‘Warrior’ is a period drama that follows the protagonist, Ah Sahm after he immigrates from China to San Francisco to look for his sister. But in the process, he also gets involved with the notorious Tongs Wars. The plot is set in the 1870s, and it immediately grabs your attention. However, one can’t help but wonder how exactly the show came to be. Well, fret not, because here, we try to answer this question!
Is Warrior Based on a True Story?
No, ‘Warrior’ is not based on a true story. However, the central plot is actually Bruce Lee’s brainchild. His original idea was that of a Chinese martial artist traveling through the Mid-West. However, it was the 70s, and Hollywood studios refused to cast a non-white lead. Many believe that Lee’s original pitch is what led to ‘Kung Fu,’ starring David Carradine. Though, Ed Spielman, who created this series back in the 70s, stated that he based it on his experiences in New York’s Chinatown.
Lee had left behind an 8-page treatment of his idea, which was then found by his daughter, Shannon Lee, who said, “It had always been part of Bruce Lee lore that this transpired. But it wasn’t until late 2000, when I took over looking after my father’s legacy, that the archive came into my possession – all of my father’s writings, photos and memorabilia. In the process of going through it, I came across the treatment for this show and a number of notes and drafts.”
The show is rife with the many experiences of Chinese immigrants in the 1870s, especially considering that the Chinese Exclusion Act was passed around the same time. So the plot encompasses racism, communal tensions, and the history of the Chinese American people, including the Tong Wars. Creator Jonathan Tropper wrote the pilot script keeping in mind the struggle of the immigrants that Bruce Lee wanted to bring forth with his work.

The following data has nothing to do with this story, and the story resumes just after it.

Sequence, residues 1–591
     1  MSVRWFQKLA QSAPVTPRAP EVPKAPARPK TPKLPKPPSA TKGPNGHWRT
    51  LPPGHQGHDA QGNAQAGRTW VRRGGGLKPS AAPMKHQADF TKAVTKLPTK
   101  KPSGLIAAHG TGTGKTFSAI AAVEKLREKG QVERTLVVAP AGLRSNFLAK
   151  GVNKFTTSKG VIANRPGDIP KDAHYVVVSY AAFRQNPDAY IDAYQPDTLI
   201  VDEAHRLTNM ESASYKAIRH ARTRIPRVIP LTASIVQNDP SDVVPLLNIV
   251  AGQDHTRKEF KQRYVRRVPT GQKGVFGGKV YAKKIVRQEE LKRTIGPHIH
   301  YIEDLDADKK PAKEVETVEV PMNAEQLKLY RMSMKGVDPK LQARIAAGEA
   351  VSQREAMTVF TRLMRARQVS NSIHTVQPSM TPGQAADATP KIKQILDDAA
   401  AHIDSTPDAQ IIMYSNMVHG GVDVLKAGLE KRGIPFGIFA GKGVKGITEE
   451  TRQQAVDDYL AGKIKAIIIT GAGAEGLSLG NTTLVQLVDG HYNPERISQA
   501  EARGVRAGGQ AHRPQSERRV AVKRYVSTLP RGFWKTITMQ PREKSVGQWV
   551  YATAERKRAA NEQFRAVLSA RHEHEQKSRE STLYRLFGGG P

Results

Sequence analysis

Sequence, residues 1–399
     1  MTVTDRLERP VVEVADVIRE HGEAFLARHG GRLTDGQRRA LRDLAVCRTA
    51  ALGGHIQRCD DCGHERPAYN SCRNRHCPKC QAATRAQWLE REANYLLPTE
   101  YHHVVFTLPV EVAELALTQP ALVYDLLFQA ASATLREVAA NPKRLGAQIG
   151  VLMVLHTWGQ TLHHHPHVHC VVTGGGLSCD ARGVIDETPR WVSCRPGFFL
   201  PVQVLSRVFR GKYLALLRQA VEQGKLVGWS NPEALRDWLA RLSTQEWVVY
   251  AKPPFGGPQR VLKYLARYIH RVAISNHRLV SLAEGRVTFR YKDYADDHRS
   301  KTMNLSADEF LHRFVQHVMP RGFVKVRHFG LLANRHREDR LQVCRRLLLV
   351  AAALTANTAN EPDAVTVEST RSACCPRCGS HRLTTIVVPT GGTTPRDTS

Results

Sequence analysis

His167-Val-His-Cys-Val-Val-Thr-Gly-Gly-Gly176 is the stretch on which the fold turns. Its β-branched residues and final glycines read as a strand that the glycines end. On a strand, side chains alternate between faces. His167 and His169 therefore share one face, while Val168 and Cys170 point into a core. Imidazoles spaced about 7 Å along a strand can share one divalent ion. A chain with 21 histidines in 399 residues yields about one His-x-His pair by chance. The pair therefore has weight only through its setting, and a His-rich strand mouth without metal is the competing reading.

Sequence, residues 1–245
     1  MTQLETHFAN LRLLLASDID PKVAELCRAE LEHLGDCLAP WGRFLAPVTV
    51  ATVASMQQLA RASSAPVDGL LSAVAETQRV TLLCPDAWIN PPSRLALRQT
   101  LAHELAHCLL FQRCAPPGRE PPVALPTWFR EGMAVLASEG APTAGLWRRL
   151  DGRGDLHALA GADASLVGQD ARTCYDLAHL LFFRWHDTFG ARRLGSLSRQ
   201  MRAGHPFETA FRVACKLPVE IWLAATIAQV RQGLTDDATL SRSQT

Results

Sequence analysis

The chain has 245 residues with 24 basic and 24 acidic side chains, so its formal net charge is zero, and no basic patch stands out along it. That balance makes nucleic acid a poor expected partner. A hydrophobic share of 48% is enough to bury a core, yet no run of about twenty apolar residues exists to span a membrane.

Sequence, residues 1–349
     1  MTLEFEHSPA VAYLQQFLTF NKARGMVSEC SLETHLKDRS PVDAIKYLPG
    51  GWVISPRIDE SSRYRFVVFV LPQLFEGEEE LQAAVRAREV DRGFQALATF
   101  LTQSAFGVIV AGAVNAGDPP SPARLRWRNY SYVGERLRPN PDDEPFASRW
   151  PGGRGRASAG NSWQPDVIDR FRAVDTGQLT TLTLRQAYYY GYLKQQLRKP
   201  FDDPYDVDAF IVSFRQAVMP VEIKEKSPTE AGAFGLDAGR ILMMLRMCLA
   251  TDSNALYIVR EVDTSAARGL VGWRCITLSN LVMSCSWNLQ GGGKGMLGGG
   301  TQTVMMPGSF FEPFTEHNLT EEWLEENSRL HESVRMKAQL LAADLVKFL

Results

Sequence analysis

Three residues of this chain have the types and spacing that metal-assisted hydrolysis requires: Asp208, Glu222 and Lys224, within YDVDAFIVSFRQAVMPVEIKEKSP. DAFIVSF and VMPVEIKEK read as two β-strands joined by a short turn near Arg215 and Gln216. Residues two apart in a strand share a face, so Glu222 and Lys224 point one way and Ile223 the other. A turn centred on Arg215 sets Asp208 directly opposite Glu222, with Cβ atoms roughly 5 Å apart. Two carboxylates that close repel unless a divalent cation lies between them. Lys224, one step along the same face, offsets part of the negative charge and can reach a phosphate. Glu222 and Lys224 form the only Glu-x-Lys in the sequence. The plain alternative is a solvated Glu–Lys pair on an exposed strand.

Justin Lin, the filmmaker who is also known for ‘The Fast and the Furious: Tokyo Drift,’ served as an executive producer for ‘Warrior.’ He said, “The martial arts genre a lot of times has been relegated to B-level action. And that’s not something we wanted to do. Going off of Bruce Lee’s original material, we wanted to build something that is character-driven, that has important themes and that also takes place in a part of American history that rarely gets talked about. That to me makes it something you haven’t seen before.”
In fact, ‘Warrior’ employs a primarily Asian cast, and many feel as though the show is a step forward in the proper representation of the Asian community on screen. The plot also explores the sexism that many Chinese women still face. Olivia Cheng, who plays Ah Troy, spoke about how the issues highlighted in the series are still prevalent today. She further added, “We dive into a time where the Asian male was so emasculated in the media and through the American lens. We don’t shy away from diving into that perception, and playing within that as a way to answer to the social injustice of the time.”
Call it divine intervention, destiny, or sheer luck, but if Shannon Lee had not found her late father’s engaging document, then there is a good chance that ‘Warrior’ would never have seen the light of day. Clearly, the show isn’t directly inspired by a true story, but it definitely captures the very real xenophobia, violence, and racism of the times, which unarguably, still plague our society to date.
Read More: Best Bruce Lee Movies